Friday, January 30, 2009

This skeleton should have stayed in the closet

The Scottish author M.C. Beaton can be guaranteed to write funny, faced-paced mysteries with flawed characters and lots of action. In her "one off" novel Skeleton in the Closet, however, she didn't manage too make her characters likable while putting them in one hair-raising situation after another.

The story opens by introducing us to Fellworth Dolphin, a nearly 40 year old virgin who still lives with his mother. His mother is a thoroughly unpleasant woman, constantly nit-picking and controlling, so it is with little sadness that Fell comes home one day from his job as a waiter and discovers her dead. His father had died several years before, so for the first time, Fell is able to take control of his life. He is stunned to learn that his parents have left both a sizable inheritance for him in their wills, as well as a box of cash in a desk drawer in the house. Fell quits his job and convinces his only friend, the dumpy and equally maternally brow-beaten Maggie Partlett, to move in with him (strictly on a platonic basis).


Maggie and Fell set out to discover where the money could have possibly come from. Was his father, who worked for the railroad, involved in a famous unsolved robbery? Are there secrets in Fell's background that might explain it? The plot moves along briskly as the two amateur detectives try to track down leads, and there are plenty of surprises to keep the story moving along.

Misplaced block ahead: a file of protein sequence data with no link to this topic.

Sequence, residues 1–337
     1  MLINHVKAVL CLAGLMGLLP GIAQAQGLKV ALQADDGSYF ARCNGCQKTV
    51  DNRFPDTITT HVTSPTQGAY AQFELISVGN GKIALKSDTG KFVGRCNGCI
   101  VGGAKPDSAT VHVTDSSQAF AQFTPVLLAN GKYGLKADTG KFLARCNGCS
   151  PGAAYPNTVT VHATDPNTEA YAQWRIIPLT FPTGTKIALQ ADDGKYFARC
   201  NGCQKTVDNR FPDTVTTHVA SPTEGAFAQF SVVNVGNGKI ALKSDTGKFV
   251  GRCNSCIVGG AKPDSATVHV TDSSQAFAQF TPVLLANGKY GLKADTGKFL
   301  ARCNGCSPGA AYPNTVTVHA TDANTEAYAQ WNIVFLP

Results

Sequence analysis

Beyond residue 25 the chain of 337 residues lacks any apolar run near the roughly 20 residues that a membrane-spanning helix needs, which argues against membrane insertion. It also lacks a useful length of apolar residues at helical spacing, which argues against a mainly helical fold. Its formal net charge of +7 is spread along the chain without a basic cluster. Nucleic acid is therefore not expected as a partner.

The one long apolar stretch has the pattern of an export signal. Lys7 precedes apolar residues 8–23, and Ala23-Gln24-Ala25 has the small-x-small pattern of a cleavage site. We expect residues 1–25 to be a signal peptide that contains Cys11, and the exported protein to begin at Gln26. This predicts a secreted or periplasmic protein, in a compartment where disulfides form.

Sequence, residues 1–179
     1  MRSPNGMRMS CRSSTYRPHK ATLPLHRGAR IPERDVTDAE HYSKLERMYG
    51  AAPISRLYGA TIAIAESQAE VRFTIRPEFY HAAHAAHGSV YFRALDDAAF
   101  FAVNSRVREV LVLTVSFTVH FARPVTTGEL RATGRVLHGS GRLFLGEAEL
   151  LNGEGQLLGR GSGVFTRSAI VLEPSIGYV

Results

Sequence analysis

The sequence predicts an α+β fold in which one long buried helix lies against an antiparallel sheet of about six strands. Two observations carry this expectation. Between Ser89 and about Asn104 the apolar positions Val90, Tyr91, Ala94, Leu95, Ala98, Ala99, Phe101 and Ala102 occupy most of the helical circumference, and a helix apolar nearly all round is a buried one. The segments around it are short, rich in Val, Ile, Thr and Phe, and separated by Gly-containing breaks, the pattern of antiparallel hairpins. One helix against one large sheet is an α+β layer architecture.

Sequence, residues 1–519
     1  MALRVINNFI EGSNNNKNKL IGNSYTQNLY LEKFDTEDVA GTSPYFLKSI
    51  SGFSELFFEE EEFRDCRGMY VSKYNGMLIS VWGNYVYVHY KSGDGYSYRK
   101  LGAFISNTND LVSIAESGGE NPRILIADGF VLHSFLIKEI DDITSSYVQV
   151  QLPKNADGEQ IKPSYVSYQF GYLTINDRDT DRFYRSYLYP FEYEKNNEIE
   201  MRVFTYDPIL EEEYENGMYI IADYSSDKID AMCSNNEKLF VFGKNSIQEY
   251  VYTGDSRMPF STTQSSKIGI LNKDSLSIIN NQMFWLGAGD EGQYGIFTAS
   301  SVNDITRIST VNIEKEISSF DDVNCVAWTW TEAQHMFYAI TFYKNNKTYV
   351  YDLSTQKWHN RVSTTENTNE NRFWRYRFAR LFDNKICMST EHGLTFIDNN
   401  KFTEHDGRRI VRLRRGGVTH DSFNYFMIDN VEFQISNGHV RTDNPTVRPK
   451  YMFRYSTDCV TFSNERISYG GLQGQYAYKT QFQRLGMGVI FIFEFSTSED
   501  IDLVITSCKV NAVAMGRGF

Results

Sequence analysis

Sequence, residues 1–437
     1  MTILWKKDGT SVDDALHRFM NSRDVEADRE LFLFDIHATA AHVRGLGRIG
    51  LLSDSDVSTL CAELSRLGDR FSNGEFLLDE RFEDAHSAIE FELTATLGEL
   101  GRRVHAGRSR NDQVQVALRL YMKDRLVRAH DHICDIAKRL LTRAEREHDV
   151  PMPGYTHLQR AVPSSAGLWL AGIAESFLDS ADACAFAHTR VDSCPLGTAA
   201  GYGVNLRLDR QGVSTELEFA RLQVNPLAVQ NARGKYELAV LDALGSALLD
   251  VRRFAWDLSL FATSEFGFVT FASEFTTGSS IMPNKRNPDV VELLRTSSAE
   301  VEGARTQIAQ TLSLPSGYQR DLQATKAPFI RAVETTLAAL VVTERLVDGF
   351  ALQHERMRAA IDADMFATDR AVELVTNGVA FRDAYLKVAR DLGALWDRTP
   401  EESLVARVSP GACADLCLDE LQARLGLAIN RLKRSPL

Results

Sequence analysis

The main problem is that Fell is a selfish, mean and totally unlikeable character. We feel sorry for Maggie, who is in love with Fell, but the way he treats her is just outlandish. He constantly belittles her, and as she has come to depend on him in order to have a place to live (as he's convinced her to quit her job, too), she simply accepts his humiliating comments and remains stubbornly loyal. Even though everything is neatly tied up with a bow at the end, it still is impossible to enjoy the story with such a bully for a leading man.

M.C. Beaton's Agatha Raisin and Hamish MacBeth mystery series are much more enjoyable. Even though the leading characters can be eccentric at times, the reader is still rooting for them. Fell Dolphin, on the other hand, is in no way deserving of sympathy. Thank goodness, it doesn't appear as if this was the start of a new series.

Final Verdict for Skeleton in the Closet: One Gherkin, for some exciting plot twists, but a nasty hero


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